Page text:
GIZMOS. CHEMISTRY 101: Student Exploration: Periodic Trends/ Periodic Trends Gizmo. atomic radius, electron affinity, electron cloud, energy level, group, ion, ionization energy, metal, nonmetal, nucleus, period, periodic trends, picometer, valence electr - $13.49   Add to cart

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GIZMOS. CHEMISTRY 101: Student Exploration: Periodic Trends/ Periodic Trends Gizmo. atomic radius, electron affinity, electron cloud, energy level, group, ion, ionization energy, metal, nonmetal, nucleus, period, periodic trends, picometer, valence electr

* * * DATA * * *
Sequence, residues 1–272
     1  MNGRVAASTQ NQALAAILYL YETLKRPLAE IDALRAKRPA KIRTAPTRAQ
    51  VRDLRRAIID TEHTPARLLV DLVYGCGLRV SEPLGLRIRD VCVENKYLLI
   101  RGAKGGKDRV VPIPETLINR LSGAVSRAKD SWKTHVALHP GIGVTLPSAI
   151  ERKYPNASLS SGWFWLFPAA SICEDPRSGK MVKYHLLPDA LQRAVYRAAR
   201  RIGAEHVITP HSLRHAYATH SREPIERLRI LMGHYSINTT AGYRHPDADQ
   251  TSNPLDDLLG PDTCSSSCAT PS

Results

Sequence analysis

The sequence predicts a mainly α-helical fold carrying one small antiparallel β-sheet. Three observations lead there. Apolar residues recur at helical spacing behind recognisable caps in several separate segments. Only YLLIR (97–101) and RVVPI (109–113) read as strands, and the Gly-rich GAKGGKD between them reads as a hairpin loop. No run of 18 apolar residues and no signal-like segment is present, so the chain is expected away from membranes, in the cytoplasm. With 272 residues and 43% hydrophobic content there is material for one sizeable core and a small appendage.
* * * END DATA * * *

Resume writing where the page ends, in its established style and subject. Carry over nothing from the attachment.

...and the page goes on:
Student Exploration: Periodic Trends Directions: Follow the instructions to go through the simulation. Respond to the questions and prompts in the orange boxes. Vocabulary: atomic radius, electron affinity, electron cloud, energy level, group, ion, ionization energy, metal, nonmetal, nucleus, period, periodic trends, picometer, valence electron Prior Knowledge Questions (Do these BEFORE using the Gizmo.) 1. On the image at right, the two magnets are the same. Which paper clip would be harder to remove? 2. Which magnet would be most likely to attract additional paper clips? 3. What is the relationship between the thickness of the book and the ability of the magnet to hold on to and attract paper clips? Gizmo Warm-up Just as the thickness of a book changes how strongly a magnet attracts a paper clip, the size of an atom determines how strongly the nucleus attracts electrons. In the Periodic Trends Gizmo, you will explore this relationship and how it affects the properties of different elements. The atomic radius is a measure of the size of the electron cloud, or the region where electrons can be found. To begin, check that H (hydrogen) is selected in Group 1 on the left. Turn on Show ruler. To measure the radius, drag one end of the ruler to the proton in the nucleus and the other end to the electron. Click Save radius to record the value. Reproduction for educational use only. Public sharing or posting prohibited. © 2020 ExploreLearning™ All rights reserved b b th e thicker the book The ability of the magnet to hold onto and attract paper clips decreases 1. 2. What is the radius of hydrogen? 53 p.m. Notice that the radius is measured in picometers(pm). A picometer is one trillionth of a meter. On the right side of the Gizmo, select Li. Connect the right side of the ruler to the outermost electron, or valence electron. What is the radius of lithium? 167 p.m. Question: What factors affect the radius of an atom? 1. Predict: How do you think the radius of an atom will change as you move down a group (vertical column) in the periodic table? 2. Collect data: Use the ruler to measure the atomic radii of the group 1 elements. As you do so, count the energy levels (shown as rings of electrons) in each atom. Record in the table. 3. Observe: What happens to the radius as you move down group 1? 4. Explore: Turn off Show ruler. Select Li, and then select Be. Observe the radii of the elements in group 2. Then look at other groups. What pattern do you see? 5. Draw a conclusion: In general, what is the effect of the number of energy levels on the radius of an atom? 6. Predict: How do you think the radius of an atom will change as you move across a period (horizontal row) in the periodic table? 7. Collect data: Beginning with Na, record the number of energy levels, number of protons, and atomic radius for each element in period 3. Reproduction for educational use only. Public sharing or posting prohibited. © 2020 ExploreLearning™ All rights reserved Activity A: Atomic radius Get the Gizmo ready: ● Check that Atomic radiusis selected from the drop-down menu. it would get larger Element H Li Na K Rb Cs Number of energy levels 1 2 3 4 5 6 Ato it increases the radii keeps increasing as you go down the groups the more energy levels there are, the greater the radius of the atom is I think it will decrease 8. Observe: What happens to the radius as you move across a period? 9. Explore: Investigate other periods in the periodic table. Does the same trend occur? 10. Analyze: Consider how the number of protons might affect the size of the electron cloud. 11. Extend your thinking: The Gizmo enables you to examine ions, or atoms that have gained or lost electrons. Select Na and turn on Show ion. Compare the radius of the neutral atom to that of the ion. Repeat with Cl. Then look at other ions. See if you can find a pattern. Unlike neutral atoms, ions have a different number of electrons than protons. The electrons are attracted to the protons and repelled by other electrons. If another electron is added, the repulsion between electrons increases while the attractive force of the nucleus stays the same. As a result, the electron cloud expands. If an electron is lost, the cloud is pulled in more tightly. Electron repulsions decrease while the number of protons remains constant. Reproduction for educational use only. Public sharing or posting prohibited. © 2020 ExploreLearning™ All rights reserved it decreases Does the same trend occur? yes No What happens to the number of protons in the nucleus as you move from one element to the next across a period? it increases by 1 If the proton number increases while the number of energy levels remains constant, what happens to the attractive force between the nucleus and the electrons? it gets stronger How does your answer to the previous question explain the trend in radii across a period? because the attractive force between the nucleus and the electrons get stronger, the electrons are pulled closer to the nucleus of the radii decreases A. B. Why do you think the Na+ion is smaller than a neutral Na atom? because there is an extra proton Why do you think the Cl-ion is larger than a neutral Cl atom? because there is a proton less Question: How does the radius of an atom affect the ability of the protons in the nucleus to hold on to and attract electrons? 1. Predict: Ionization energy (IE) is the energy required to remove an electron from an atom. As atomic radius increases, the valence electrons get farther from the nucleus. How do you think an atom’s size will affect its ability to hold on to its valence electrons? Why? 2. Investigate: Select H. In the Gizmo, the hydrogen atom is shown next to a positive charge. As you move the atom to the right, the force of attraction between the positive charge and the valence electron will increase until the electron is removed. Slowly drag the atom towards the charge. After the electron is removed, use the ruler to measure the distance between the original and the final position of the electron. Record the distance and ionization energy in the table, then repeat for the other group 1 elements. 3. Analyze: What trend do you notice? 4. Investigate: Gather data for ionization energy across a period. Record in the table below. 5. Analyze: What trend do you notice? Reproduction for educational use only. Public sharing or posting prohibited. © 2020 ExploreLearning™ All rights reserved Activity B: Removing and adding electrons Get the Gizmo ready: ● Choose Ionization energyfrom the drop-down menu. I think that an atom size will affect its ability to hold on its valence electrons because the further away from the nucleus they are, the less attraction there is Element H Li Na K Rb Cs Fr Distance (no units) 27 39 4 02 4 18 4 22 4 27 4 27 Ionization energy (kJ/mol) 1312 as the distance increases the ionization energy decreases Element Na Mg Al Si P S Cl Ar Distance (no units) 402 350 384 339 291 294 240 182 Ionization energy (kJ/mol) 496 the distance the creases and the ionization energy decreases. This doesn't apply in the transition between Mg and Al 6. Explore: Examine other groups and periods in the periodic table to see if the same trends exist. What trends do you see in ionization energy down a group and across a period? 7. Think and discuss: As you move down a group, you will recall that the radius increases. Why do you think an increase in atomic radius would result in a lower ionization energy? 8. Think and discuss: As you move across a period, you will recall that the radius decreases. Why do you think a decrease in atomic radius would result in a greater ionization energy? 9. Predict: Electron affinity (EA) refers to the energy released when an electron is added to an atom. This release of energy is always expressed as a negative value. The greater the magnitude of the negative value, the greater the attraction for electrons. (An EA of –100 kJ/mol would indicate a stronger attraction for electrons than an EA of –50 kJ/mol.) How do you think the size of an atom will affect its ability to attract additional electrons? 10. Investigate: Choose Electron affinity and select fluorine (F). In the Gizmo, the fluorine atom is shown next to an electron. To measure the electron affinity, slowly drag the fluorine atom toward the electron. When the electron hops over, use the ruler to measure the distance. 11. Explore: Find the electron affinity for each of the other Group 17 elements and each of the other Period 2 elements. Record these below. (Note: If an atom has a positive EA it will have no attraction for an electron.) All values in the tables below will be in kJ/mol. Reproduction for educational use only. Public sharing or posting prohibited. © 2020 ExploreLearning™ All rights reserved Yes, the same trends of court in the other groups and periods. Down a group it increases across a period Increases for the most part because the pull on the electrons from the nucleus gets weaker because then the pull on the electrons from the nucleus would get stronger I think the smaller than atom is the greater its ability will be to attract additional electrons What is the ruler distance? 463 units What is the electron affinity? -328 kJ/mol Grp. 17 EA F: -328 Cl: -349 Br: -325 I: -295 At: -222 Ts: -166 Per. 2 EA Li: -60 Be: + B: -27 C: -122 N: -7 O: -141 F: -328 Ne:+ What is the trend in EA down a group? there is no trend What is the trend in EA across a period? there 12. Think and discuss: What is the relationship between electron affinity and atomic radius? Why do you think this relationship occurs? Introduction: The periodic table is so named because similar patterns repeat, or appear periodically, throughout the table. These patterns are referred to as periodic trends. Question: How do atomic radius, ionization energy, and electron affinity change throughout the periodic table? 1. Predict: Based on your investigations in activities A and B, predict where in the periodic table you will typically find the following: Largest atoms, smallest atoms, highest ionization energy, lowest ionization energy, highest electron affinity, lowest electron affinity . 2. Observe: Choose Atomic radius from the drop-down menu to see the relative sizes of the elements. In which parts of the table do you find the largest and smallest atoms? 3. Observe: Choose Ionization energy. Ionization energy is shown by color. In which parts of the table do you find atoms with the highest, and the lowest, ionization energies? Reproduction for educational use only. Public sharing or posting prohibited. © 2020 ExploreLearning™ All rights reserved I looked it up and it said that the electron Affinity generally increases across a period And decreases down a group. The relationship between the electron affinity and the Atomic radius in this case is that the electron affinity decreases as the radii increases and vice versa Activity C: Periodic trends Get the Gizmo ready: ● Select the TRENDS tab. Check that Groupsis selected from the drop-down menu. Upper left region what doSmallest atoms highest ionization energy highest electron affinity Upper right region Far left column Lowest electron affinity Far right column Lower left region Largest atoms Lowest ionization energy Lower right region The largest atoms are in the lower left region, and the smallest atoms are in the upper right region. The upper right region has the atoms with the highest ionization energy, and the lower left 4. Observe: Choose Electron affinity. Electron affinity is shown by color, with darker blue corresponding to the highest (most negative) electron affinity. In which parts of the table do you find the greatest and lowest attraction for electrons? 5. Infer: Which group has high ionization energies but very weak electron affinities? 6. Investigate: Select Groups. The periodic table is divided into metals and nonmetals. Metals are to the left of the metalloids and nonmetals to the right. To the left of the table you will see a list of group names. Click on each group name to reveal its properties. 7. Analyze: The metallic character of an element is determined by how readily it loses electrons. Elements that lose electrons most easily have the greatest metallic character. Reproduction for educational use only. Public sharing or posting prohibited. © 2020 ExploreLearning™ All rights reserved region has atoms with the lowest ionization energy. The greatest electron affinity is in the upper right region, and the lowest is in the far right column. Which group has high ionization energies but very weak electron affinities? Far right column Why do you think this is so? I think it's because the upper right region has the highest ionization energy, but the rightmost column has the lowest electron affinity. A. B. Metals tend to have low ionization energies. What properties of elements in the metal groups do you think are the result of this tendency? Because the valence electrons are farther away from the positively charged nucleus so the force of attraction is low Except for the noble gases, nonmetals tend to have high electron affinities. What properties of nonmetals do you think are the result of this tendency? Because their atomic structure allows them to gain electrons rather than lose them A. B. C. Which group has the greatest metallic character? group 1 Which group has the lowest metallic character? group 17 What is the relationship between metallic character and ionization energy? the metallic character increases as the ionization energy decreases 8. Summarize: ✏ Hand draw in this space or click here to select EDIT to use the drawing tool. What conclusion can you draw about the ability of metals to hold on to and attract electrons, as compared to nonmetals? Reproduction for educational use only. Public sharing or posting prohibited. © 2020 ExploreLearning™ All rights reserved Metals tend to lose electrons while nonmetals attract them. Show Less